Microsoft patched all of its currently supported systems to fix the flaw back in March, but now there's an update available for unsupported systems too, including Windows XP, Windows 8 and Windows Server 2003, which you can grab here (note: if that link isn't working then there are direct download links available in the Security blog post).Of course, for home users, if you're still running one of those old operating systems then yes, you should patch immediately -- and follow up with an upgrade to something current.
If you are longing to try Windows 8.1, you can now learn from other people's lessons and upgrade safely!
Once a month on Patch Tuesday, Microsoft releases cumulative updates to all Windows users.
On newer versions like Windows Vista, 7, 8.1 and 10, the March update tagged MS17-010 addresses the vulnerability it's exploiting (that was revealed earlier this year by "The Shadow Brokers" when they leaked a stolen cache of NSA tools).
While it's not confirmed how the initial infections occurred, it's believed the trojan horse was spread by email phishing links that drop the "Eternal Blue" exploit released by The Shadow Brokers, as well as the Wanna Crypt malware variant.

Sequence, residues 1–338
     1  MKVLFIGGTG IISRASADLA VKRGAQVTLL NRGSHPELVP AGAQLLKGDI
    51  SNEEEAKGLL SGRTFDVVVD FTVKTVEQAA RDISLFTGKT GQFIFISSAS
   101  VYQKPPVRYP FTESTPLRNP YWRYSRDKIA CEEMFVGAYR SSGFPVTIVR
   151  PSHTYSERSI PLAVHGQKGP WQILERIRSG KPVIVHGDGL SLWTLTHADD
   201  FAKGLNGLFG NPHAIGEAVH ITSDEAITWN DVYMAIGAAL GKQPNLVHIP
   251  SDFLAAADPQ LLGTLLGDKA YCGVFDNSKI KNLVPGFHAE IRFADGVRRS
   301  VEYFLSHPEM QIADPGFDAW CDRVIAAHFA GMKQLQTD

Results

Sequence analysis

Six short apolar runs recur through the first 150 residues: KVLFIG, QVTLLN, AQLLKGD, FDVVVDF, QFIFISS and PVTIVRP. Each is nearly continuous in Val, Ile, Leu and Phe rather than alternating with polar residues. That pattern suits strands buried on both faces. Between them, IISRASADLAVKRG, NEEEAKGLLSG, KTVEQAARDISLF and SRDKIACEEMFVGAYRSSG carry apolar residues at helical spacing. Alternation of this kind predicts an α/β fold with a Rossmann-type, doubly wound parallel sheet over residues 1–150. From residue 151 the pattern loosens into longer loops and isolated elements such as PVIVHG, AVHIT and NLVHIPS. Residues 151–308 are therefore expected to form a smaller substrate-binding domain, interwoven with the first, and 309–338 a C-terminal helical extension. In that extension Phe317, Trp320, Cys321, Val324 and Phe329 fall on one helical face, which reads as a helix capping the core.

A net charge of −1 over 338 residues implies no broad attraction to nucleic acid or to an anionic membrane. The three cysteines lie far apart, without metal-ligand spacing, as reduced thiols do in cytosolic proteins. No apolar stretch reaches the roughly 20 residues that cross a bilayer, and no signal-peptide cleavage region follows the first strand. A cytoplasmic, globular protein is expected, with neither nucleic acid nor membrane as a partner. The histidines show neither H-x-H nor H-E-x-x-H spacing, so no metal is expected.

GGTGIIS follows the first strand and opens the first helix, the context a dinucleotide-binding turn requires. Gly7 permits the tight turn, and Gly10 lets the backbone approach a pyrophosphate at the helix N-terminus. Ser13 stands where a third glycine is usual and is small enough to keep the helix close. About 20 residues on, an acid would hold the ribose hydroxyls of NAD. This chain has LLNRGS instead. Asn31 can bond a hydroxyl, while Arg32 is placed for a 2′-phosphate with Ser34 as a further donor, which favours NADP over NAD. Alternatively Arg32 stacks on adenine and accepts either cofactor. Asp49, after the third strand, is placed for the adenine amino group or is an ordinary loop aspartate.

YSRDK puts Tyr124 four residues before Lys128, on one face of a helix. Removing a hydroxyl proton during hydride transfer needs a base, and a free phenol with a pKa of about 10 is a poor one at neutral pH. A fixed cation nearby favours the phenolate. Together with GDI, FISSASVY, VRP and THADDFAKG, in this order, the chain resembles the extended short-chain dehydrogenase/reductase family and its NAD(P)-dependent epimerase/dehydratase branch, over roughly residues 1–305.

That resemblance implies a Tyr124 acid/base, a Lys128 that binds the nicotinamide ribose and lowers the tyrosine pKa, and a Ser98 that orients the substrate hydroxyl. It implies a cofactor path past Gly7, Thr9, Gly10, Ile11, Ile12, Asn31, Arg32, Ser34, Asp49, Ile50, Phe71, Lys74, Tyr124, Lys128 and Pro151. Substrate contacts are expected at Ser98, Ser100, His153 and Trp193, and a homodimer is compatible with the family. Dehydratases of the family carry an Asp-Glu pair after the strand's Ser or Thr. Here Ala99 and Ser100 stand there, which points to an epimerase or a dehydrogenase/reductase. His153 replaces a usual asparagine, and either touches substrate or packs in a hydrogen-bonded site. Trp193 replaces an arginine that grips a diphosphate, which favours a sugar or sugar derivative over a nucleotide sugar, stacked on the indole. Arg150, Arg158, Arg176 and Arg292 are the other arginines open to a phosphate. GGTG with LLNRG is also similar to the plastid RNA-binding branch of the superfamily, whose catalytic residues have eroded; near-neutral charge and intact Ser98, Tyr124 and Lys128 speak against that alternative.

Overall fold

Should you avoid the upgrade, we can take a trip to the Windows end of life page to see how long other versions will keep kicking.
Windows 8.1 will be in mainstream support until January 2018, and will continue to receive security updates in extended support until January 2023.
In case you’re not sure, check which version of Windows you’re running before we start, so you’ll know which section applies to you. You’re already running Microsoft’s latest and greatest OS.
According to them, Windows 10 will be the last version of Windows BASH shell, complete with a Linux sub-system, is coming to Windows 10 with the Anniversary Update this summer.
Microsoft officially ended its support for most Windows XP computers back in 2014, but today it's delivering one more public patch for the 16-year-old OS.